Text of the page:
Two Camas County Incumbents Face Challengers [The Times-News, Twin Falls, Idaho :: ]
(Times-News (Twin Falls, ID) Via Acquire Media NewsEdge) May 11--FAIRFIELD -- Camas County voters will be asked May 20 to keep two incumbent county commissioners or replace them with two former commissioners.
Barbara McMurdo faces challenger Bill Davis in the Republican primary for District 1, and Commissioner Janet Croner is being challenged by Rob Chapman for District 2.
Davis was a commissioner for 12 years before losing to McMurdo in 2012.
After serving more than a decade, Davis said, he burned out. But he said he's spent the past two years "recharging his batteries."
"I just thought I could do something better," Davis said.
His main goal would be to improve communication between the commission and public. Rather than merely posting meeting minutes, he would like to see scheduled office hours for the public to visit with commissioners.
McMurdo owns the Camas Creek Country Store. She also has experience as treasurer of the local Chamber of Commerce and as a member of the rodeo committee.
"I'm trying to bring honesty, fairness and integrity back to the taxpayers of Camas County," she said. "And it is definitely a work in progress."
She said she hopes to jump-start local construction work by lowering building permit fees and to capitalize on the area's recreation and tourism.
"I don't want it to be the next Sun Valley by any means ... but I do want it to be prosperous for what we have to offer people," she said.
McMurdo said voters should consider her for her experience in business.
"I'm well aware of taxpayer money, and I think the government needs to be run as a business."
Ron Chapman also comes with 12 years of experience on the commission. Croner took his place in 2010.
Like Davis, Chapman said he was burned out by the time he lost his seat and did not campaign hard. But he said problems with the county's budget have spurred him to run again.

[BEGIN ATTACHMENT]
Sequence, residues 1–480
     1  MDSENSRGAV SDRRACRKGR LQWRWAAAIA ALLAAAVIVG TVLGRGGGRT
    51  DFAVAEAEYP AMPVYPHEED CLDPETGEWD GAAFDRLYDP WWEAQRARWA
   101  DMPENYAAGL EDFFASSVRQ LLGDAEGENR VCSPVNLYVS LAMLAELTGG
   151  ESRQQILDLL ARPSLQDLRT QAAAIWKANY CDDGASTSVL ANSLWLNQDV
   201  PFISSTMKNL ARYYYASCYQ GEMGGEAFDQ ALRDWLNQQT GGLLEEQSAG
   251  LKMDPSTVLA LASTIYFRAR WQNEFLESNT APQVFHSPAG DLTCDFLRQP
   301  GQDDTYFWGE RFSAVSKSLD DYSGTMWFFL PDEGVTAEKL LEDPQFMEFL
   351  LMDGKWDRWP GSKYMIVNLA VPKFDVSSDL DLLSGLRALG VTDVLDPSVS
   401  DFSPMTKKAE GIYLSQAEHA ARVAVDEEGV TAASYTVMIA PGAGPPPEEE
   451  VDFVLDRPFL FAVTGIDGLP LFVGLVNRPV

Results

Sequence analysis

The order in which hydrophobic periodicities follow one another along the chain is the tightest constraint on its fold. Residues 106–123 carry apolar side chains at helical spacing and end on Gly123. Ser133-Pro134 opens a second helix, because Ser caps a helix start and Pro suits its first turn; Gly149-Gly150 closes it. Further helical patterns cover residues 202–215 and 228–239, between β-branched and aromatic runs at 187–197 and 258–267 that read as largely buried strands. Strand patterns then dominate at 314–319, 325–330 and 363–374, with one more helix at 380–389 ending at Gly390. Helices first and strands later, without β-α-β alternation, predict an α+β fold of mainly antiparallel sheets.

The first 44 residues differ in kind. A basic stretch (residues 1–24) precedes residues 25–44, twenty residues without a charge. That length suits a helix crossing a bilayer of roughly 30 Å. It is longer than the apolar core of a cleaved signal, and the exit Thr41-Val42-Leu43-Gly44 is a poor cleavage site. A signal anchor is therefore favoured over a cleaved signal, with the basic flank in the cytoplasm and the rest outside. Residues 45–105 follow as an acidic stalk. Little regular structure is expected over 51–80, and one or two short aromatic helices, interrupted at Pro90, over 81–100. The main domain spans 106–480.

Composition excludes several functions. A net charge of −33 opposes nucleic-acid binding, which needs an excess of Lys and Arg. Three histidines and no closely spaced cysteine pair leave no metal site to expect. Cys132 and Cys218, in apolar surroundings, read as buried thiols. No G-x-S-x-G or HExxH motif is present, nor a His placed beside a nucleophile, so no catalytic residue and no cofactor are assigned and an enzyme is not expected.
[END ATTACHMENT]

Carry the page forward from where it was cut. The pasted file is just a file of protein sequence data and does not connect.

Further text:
The commissioners gave pay raises last year, Chapman said, but had to retract them later in the year.
"They haven't been able to afford raises. People need money to live on."
Croner said budget issues have been problematic in the past, but the county's finances have gotten better.
"It was a hardship," she said. "But presently, we are in a better position financially."
Croner said she wants to promote the county's recreational and tourist attractions by spending her next term collaborating with Fairfield and expanding marketing.
The county, however, must address its aging bridges, she said. State officials have forced the county to close three bridges but have not provided resources to repair them, she said. That means the county must begin finding grants and other funds to reopen those bridges.
"I've always felt like I was the candidate for the people," she said. "I want to hear people's problems. Call me at any time. I want to hear from them."
Times-News reporter Brian Smith contributed to this report.
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